I recently read Dave Eggers’s excellent new novel, The Circle, in which he assumes that the instantaneous and (when desired) anonymous nature of online communication brings out the worst in people. I think that Mr. Eggers is only partly correct. Social media and other online communications do not make people vicious and shallow; they reveal people as vicious and shallow. Sometimes, that is called “democraticizing the media,” and sometimes it is that. Other times, it’s just giving people enough rope to hang themselves publicly for the crime of felonious jackassery. Many of my more populist-leaning conservative friends are fond of railing against “elites” and “elite opinion,” and that is understandable — but they should give some sober consideration to the alternative, which is the opinion of people who invite you to play Farmville in between bouts of #lookatmeplease.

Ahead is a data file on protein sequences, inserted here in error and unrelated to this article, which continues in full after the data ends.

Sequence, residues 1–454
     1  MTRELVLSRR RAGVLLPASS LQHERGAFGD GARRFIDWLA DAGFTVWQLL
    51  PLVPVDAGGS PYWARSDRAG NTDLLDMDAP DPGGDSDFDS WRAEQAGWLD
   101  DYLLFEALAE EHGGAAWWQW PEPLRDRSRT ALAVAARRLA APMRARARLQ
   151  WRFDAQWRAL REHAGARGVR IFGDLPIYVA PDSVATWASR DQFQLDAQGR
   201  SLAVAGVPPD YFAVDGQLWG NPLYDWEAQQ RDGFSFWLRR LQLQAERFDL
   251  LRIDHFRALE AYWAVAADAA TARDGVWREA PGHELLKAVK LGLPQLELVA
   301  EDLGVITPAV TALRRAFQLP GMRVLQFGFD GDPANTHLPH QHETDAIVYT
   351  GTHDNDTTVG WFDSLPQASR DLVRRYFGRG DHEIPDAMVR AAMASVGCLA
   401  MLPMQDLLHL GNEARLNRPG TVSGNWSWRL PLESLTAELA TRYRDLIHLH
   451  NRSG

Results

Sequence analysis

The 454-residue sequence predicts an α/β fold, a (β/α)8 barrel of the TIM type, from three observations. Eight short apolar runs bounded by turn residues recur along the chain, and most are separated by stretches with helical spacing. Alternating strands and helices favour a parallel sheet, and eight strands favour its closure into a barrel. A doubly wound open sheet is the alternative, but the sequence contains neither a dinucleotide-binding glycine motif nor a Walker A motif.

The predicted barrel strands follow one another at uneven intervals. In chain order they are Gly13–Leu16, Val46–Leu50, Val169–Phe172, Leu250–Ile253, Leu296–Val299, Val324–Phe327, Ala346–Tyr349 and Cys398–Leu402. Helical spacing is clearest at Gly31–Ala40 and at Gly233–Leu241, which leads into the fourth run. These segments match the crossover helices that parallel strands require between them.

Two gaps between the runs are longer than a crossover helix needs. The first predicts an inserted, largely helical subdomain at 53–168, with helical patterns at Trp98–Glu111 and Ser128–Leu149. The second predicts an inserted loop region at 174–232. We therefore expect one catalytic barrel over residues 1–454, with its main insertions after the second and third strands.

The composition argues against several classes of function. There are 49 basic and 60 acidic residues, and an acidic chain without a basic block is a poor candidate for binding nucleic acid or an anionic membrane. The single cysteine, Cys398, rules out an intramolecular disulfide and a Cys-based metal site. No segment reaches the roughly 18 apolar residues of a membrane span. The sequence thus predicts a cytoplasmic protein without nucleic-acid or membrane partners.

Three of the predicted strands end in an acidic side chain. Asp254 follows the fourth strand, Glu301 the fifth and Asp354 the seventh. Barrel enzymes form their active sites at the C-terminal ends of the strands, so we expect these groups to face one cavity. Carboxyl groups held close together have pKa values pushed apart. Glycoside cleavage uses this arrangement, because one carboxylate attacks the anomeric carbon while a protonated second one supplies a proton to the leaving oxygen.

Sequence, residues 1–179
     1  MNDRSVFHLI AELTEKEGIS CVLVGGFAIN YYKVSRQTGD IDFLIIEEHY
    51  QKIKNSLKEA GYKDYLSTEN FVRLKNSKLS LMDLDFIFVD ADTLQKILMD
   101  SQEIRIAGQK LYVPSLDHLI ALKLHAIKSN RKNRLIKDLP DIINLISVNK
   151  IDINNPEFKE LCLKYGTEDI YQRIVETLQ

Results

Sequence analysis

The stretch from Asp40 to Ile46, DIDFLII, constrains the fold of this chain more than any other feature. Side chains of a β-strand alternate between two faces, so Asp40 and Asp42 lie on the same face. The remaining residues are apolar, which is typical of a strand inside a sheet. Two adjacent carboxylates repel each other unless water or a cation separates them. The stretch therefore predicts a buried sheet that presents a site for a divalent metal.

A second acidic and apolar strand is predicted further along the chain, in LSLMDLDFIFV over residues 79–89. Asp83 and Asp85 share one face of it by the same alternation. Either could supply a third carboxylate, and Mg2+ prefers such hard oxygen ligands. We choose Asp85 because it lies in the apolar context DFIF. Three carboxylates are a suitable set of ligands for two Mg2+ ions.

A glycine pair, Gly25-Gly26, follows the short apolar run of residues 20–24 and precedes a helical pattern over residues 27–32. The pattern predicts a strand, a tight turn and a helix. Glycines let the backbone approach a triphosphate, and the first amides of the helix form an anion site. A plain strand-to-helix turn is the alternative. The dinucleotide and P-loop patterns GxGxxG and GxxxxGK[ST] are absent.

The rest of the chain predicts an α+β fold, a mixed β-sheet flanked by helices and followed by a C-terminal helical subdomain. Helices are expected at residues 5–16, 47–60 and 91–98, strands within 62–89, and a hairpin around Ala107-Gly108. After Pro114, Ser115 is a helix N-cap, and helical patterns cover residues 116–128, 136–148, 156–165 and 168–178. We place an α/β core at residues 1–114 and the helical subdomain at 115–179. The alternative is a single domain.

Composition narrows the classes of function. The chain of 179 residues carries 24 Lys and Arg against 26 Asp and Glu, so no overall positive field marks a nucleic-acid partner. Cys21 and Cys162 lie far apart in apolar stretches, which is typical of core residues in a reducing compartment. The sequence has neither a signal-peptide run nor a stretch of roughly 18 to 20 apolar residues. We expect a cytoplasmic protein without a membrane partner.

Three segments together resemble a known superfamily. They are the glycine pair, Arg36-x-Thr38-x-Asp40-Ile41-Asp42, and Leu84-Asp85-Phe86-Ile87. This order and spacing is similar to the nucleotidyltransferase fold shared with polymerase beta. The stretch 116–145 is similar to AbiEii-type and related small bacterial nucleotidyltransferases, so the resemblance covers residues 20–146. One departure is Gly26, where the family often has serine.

This is far from limited to politics. In my moonlight job as a theater critic, I am occasionally enraged but consistently perplexed at the habits of New York City theatergoers, from audiences at $200-a-ticket Broadway shows to the self-consciously intellectual types at off-off-off-somebody’s-basement productions: Tourists talking all the way through The Cripple of Inishmaan, hipsters live-tweeting Brooklyn warehouse shows, etc. True disciples of Bishop Berkeley, they believe that if they cease talking then they cease to exist. At a recent performance of Of Mice and Men, with an excellent Chris O’Dowd in the role of Lennie, the Longacre Theater lit up for George’s final monologue — not because the house lights had come on, but because a thousand cell phones were making videos, which no doubt were put up immediately on Facebook pages and the like. To be is to be perceived, and that is, even at the theater, more important than perceiving to narcissistic children of all ages.